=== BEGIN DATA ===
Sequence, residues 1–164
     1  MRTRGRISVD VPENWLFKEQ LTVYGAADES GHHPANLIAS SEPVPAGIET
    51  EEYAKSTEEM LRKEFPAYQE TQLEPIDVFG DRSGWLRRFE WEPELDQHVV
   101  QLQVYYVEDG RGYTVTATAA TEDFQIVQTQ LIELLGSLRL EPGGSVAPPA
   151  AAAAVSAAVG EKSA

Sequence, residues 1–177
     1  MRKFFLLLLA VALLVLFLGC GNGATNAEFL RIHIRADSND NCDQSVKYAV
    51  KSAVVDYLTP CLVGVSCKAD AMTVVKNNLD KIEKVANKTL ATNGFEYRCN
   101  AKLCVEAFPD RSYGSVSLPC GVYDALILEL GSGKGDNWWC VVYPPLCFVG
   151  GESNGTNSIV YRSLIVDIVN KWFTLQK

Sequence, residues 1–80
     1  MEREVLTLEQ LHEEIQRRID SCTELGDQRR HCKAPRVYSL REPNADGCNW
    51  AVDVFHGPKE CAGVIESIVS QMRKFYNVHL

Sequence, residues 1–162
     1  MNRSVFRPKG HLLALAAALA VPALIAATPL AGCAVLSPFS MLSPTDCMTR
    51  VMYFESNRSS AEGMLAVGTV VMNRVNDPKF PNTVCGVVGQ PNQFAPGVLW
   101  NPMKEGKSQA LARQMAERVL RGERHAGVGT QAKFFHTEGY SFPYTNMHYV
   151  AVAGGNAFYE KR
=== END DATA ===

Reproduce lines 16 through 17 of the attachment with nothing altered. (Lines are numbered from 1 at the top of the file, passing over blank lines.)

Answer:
    51  VMYFESNRSS AEGMLAVGTV VMNRVNDPKF PNTVCGVVGQ PNQFAPGVLW
   101  NPMKEGKSQA LARQMAERVL RGERHAGVGT QAKFFHTEGY SFPYTNMHYV